Tropical Cyclone Tej approached the Arabian Peninsula on October 23, 2023, where it was expected to produce heavy rain in desert regions of eastern Yemen and western Oman. The VIIRS (Visible Infrared Imaging Radiometer Suite) sensor on the NOAA-20 satellite acquired this image of the storm at approximately 10:00 Universal Time on October 23 as it began to move over land.
Around the time of this image, wind speeds measured 135 kilometers (85 miles) per hour, making it the equivalent of a category 1 hurricane. The cyclone reached its peak intensity as a category 3-equivalent storm on October 22, before progressively weakening as it neared land. An astronaut aboard the International Space Station captured a photo (below) of Typhoon Tej as it spun across the Arabian Sea on October 20.
The storm is forecast to weaken rapidly upon making landfall and meeting the cool, dry air over the peninsula. Still, it threatens to drop up to 500 millimeters (20 inches) of rain in some locations. In a region that receives less than 100 millimeters (4 inches) on average in an entire year, intense rains can cause damaging flash floods. In southern Yemen, authorities declared a state of emergency and suspended schools. In Salalah, Oman, the port was temporarily shut down and a hospital evacuated because of the storm, according to news reports.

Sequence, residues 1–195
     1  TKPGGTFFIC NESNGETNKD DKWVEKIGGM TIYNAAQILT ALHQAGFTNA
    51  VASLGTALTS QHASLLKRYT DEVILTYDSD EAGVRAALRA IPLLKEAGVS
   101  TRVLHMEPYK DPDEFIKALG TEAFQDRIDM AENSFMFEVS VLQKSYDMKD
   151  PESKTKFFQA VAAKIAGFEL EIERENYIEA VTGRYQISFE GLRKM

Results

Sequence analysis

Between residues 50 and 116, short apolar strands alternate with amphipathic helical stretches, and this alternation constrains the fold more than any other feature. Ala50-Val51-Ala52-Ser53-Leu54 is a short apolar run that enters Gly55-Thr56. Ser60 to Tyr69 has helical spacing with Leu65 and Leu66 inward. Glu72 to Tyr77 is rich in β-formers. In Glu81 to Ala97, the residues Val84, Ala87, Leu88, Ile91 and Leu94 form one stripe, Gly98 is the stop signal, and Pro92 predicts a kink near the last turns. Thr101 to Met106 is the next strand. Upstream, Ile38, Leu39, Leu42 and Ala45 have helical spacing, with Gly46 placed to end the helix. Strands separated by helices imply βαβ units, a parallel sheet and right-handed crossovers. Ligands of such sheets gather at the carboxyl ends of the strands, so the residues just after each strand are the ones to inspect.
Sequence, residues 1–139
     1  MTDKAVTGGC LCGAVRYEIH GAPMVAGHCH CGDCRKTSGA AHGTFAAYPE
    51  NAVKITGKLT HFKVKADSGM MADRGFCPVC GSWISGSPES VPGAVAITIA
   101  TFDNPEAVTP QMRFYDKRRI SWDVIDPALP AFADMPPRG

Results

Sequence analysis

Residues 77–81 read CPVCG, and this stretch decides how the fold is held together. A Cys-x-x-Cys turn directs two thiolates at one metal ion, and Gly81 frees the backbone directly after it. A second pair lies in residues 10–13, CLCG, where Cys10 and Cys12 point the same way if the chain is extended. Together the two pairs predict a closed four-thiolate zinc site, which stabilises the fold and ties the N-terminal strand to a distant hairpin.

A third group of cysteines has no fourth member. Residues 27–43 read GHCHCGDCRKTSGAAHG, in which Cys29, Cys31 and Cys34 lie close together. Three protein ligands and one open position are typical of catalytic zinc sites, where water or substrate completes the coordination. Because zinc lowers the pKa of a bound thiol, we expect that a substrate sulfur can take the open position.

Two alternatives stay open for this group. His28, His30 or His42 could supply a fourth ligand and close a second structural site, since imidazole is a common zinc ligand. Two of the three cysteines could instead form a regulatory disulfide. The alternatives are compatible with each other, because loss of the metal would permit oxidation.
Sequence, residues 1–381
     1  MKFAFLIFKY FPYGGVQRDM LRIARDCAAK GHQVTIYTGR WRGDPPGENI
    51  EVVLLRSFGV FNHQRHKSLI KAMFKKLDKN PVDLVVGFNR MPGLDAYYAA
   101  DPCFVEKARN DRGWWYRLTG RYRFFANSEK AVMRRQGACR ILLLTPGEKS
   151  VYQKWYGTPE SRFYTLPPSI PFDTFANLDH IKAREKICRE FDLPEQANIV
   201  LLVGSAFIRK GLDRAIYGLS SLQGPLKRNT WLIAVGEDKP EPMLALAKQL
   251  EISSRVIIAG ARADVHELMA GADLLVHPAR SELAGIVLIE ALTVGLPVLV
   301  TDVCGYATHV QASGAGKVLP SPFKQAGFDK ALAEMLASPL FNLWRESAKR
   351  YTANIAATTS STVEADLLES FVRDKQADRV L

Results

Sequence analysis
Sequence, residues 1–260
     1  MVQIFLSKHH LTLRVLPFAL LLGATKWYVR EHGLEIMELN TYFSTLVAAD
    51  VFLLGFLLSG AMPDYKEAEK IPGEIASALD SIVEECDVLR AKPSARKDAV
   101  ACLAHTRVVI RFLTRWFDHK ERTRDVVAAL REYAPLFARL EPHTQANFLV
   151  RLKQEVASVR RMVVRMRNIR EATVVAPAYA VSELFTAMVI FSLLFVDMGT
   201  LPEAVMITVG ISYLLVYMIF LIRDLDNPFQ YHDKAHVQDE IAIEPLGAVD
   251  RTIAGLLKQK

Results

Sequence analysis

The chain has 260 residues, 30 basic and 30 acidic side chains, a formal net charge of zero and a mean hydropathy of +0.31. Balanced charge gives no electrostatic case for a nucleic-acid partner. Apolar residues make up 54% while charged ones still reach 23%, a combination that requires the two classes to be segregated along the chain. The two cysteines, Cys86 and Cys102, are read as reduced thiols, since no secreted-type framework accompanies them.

Until recently, cyclones in the Arabian Sea have been relatively infrequent, but warming sea surface temperatures are likely contributing to an increase in intense cyclonic storms there. In the past decade, several cyclones with hurricane-like intensity have made landfall on the Arabian Peninsula, including Hikaa (2019), Mekunu (2018), and Chapala (2015).
The UN Food and Agriculture Organization has indicated that Cyclone Tej could leave in its wake favorable breeding conditions for desert locusts. The agricultural pests thrive after periods of rainfall produce ephemeral lakes and bursts of vegetation in otherwise arid environments. Recent outbreaks of locusts in eastern Africa and the Arabian Peninsula have suspected links to cyclones in that region.
NASA Earth Observatory image by Lauren Dauphin, using VIIRS data from NASA EOSDIS LANCE, GIBS/Worldview, and the Joint Polar Satellite System (JPSS). Astronaut photograph ISS070-E-7632 was acquired on October 20, 2023, with a Nikon D5 digital camera using an 28 millimeter lens and is provided by the ISS Crew Earth Observations Facility and the Earth Science and Remote Sensing Unit, Johnson Space Center. The image was taken by a member of the Expedition 70 crew. The image has been cropped and enhanced to improve contrast, and lens artifacts have been removed. The International Space Station Program supports the laboratory as part of the ISS National Lab to help astronauts take pictures of Earth that will be of the greatest value to scientists and the public, and to make those images freely available on the Internet. Additional images taken by astronauts and cosmonauts can be viewed at the NASA/JSC Gateway to Astronaut Photography of Earth. Story by Lindsey Doermann.